Ch. 4: Built to Break
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Rain poured down from the sky followed by whipping winds. The other guards wanted to stop and find shelter, but Brother Li vehemently disagreed and ordered them to march forward. All of the children huddled together in the cage, glaring at the young boy who staggered and slipped in the mud. They could at least have gotten the cover of a thick oak tree if they stopped, but because of the obstinate child, they were forced to bear the brunt of the weather. 

Mei Hua’s body grew heavier and heavier with every step. Rainwater weighed down his clothes and hair, as well as slicked the dirt roads. The wind made going forward arduous as it angrily screamed in his face and pulled on his limbs. Every step was torture. Not only that, but the pace had increased as the guards desired to escape the deluge and seek shelter. 

Willpower and a trickle of spiritual energy weren’t enough to keep him standing. Mei Hua slipped on a rock, ripping open his foot. He cried out before he slid in some mud. Since his wrists were bound, when he fell, his arms were viciously yanked out of their sockets. Stars danced in front of his eyes. He couldn’t even cry out. 

Burning knives cut through Mei Hua’s flesh as his legs gave out and he was dragged along the muddy road. It took everything he had to twist around so his back took the brunt of the cutting sticks and stones instead of his soft stomach. Warm blood blended in with mud and icy rain, freezing yet warming him up until everything became numb. He didn’t know when he passed out. 

When Mei Hua woke up, he wished he hadn’t. His body was burning. Every inch was sore and torn to shreds. When he tried to open his eyes, everything was black. He felt grateful that he had the blindfold on because he probably resembled ground beef and he really didn’t want to see that. His limbs hung limply, as he had no strength to lift them.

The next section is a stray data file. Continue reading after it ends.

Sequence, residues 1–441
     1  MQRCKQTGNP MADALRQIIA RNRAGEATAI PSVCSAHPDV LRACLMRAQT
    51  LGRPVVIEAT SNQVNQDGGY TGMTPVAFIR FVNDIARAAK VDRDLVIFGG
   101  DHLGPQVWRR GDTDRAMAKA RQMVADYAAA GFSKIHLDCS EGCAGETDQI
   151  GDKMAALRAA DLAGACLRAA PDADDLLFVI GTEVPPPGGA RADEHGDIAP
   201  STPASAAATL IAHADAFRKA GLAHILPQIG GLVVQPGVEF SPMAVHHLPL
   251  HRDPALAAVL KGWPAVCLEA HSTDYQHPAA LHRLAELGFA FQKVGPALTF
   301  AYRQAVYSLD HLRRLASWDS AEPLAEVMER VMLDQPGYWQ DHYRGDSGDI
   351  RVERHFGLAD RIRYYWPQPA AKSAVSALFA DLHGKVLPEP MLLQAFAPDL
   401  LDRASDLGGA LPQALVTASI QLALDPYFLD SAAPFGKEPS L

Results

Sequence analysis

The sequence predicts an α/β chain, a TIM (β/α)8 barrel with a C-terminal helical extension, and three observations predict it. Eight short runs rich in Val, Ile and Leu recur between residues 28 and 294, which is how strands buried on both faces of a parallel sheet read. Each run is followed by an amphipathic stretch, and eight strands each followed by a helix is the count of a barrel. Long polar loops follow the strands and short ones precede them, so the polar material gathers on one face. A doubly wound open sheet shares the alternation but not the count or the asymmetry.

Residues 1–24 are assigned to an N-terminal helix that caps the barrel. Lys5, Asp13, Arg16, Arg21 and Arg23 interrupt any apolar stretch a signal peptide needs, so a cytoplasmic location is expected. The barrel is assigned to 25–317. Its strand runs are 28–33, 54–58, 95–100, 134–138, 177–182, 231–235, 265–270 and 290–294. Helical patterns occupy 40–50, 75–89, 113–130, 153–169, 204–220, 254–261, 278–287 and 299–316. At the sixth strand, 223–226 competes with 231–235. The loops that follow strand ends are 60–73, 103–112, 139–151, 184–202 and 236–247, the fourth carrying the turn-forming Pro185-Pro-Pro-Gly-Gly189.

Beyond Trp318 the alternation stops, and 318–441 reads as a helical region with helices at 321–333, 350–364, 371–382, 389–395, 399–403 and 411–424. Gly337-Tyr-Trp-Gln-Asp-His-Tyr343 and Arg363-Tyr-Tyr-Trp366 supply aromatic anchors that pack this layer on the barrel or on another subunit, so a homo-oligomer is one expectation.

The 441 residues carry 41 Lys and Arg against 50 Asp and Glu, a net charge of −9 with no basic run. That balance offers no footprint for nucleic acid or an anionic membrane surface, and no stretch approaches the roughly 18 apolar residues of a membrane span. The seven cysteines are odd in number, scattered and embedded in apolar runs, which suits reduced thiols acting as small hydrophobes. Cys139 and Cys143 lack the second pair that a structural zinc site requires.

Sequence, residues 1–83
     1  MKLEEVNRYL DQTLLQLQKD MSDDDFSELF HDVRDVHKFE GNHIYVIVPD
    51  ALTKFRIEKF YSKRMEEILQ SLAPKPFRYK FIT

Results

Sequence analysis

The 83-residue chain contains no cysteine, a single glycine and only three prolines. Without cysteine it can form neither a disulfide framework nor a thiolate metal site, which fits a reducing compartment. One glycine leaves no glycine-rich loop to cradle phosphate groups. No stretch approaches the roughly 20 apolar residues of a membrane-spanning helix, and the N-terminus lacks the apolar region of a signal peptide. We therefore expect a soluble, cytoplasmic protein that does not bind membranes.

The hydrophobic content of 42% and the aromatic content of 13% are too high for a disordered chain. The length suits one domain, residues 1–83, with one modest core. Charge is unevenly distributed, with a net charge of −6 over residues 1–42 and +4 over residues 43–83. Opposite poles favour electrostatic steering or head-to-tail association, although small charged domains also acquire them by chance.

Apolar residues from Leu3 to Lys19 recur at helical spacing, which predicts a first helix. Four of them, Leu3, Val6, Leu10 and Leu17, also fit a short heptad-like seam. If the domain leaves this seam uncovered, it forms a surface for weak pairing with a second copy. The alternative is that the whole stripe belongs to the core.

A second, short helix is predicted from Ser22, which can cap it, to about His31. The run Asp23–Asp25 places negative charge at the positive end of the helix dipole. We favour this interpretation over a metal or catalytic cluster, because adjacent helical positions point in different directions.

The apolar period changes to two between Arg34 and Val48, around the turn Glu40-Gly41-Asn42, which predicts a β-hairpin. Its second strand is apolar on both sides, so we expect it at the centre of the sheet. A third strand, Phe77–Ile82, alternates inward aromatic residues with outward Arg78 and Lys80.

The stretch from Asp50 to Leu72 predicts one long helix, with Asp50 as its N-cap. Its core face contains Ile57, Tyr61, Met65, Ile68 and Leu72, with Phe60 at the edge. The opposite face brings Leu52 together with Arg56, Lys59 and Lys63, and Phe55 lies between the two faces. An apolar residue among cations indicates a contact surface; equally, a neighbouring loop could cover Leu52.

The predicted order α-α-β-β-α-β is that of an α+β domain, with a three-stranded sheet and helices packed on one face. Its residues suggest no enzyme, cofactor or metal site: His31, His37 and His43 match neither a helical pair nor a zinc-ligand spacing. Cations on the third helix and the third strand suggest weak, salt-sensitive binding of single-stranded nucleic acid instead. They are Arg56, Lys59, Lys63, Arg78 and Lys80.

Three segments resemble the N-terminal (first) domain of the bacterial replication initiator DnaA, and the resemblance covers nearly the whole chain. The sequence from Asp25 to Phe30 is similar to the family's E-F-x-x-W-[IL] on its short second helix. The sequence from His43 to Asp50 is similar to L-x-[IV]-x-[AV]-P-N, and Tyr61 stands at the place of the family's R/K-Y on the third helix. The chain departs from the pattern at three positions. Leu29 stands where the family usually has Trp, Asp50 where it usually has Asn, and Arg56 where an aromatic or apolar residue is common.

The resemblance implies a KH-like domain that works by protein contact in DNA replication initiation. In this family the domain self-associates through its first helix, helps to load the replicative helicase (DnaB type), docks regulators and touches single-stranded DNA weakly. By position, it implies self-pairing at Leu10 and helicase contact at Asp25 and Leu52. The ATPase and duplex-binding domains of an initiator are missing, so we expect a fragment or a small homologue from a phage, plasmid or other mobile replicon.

What happened? Mei Hua thought as he listened to his surroundings. 

The undulating movement and the rumble of the carriage suggested he was still on the road. He also heard the chattering of teeth, rustling of clothes, and sniffles of the children. So he was back in the cage? 

How am I even alive? Mei Hua wondered to himself. His body certainly felt like he should be dead. Maybe they stopped soon after I passed out. 

Just the thought of glee on that bastard Li’s face had Mei Hua seething. He had tried so hard not to give the other what he wanted, but it was useless in the end. He was far too weak to stand a chance. And that other bastard, Wei... Mei Hua wanted to kill him. He was the sick person who came up with this cruel game. 

If I ever run into these guys in the future, I’ll pay them back tenfold, Mei Hua thought maliciously. 

“Big Brother, are you awake?” Xiao Ai inquired somewhere at Mei Hua’s side. 

Mei Hua tried to speak, but his throat was parched. He managed a small nod. Xiao Ai sighed in relief at the gesture and sat closer to the bloody figure. 

“I thought you died,” Xiao Ai admits with a shaky voice. 

The image of trembling lips and inky black eyes arose within Mei Hua’s eyes. He quickly pushed it away. Instead, he forced out a grunt-like laugh.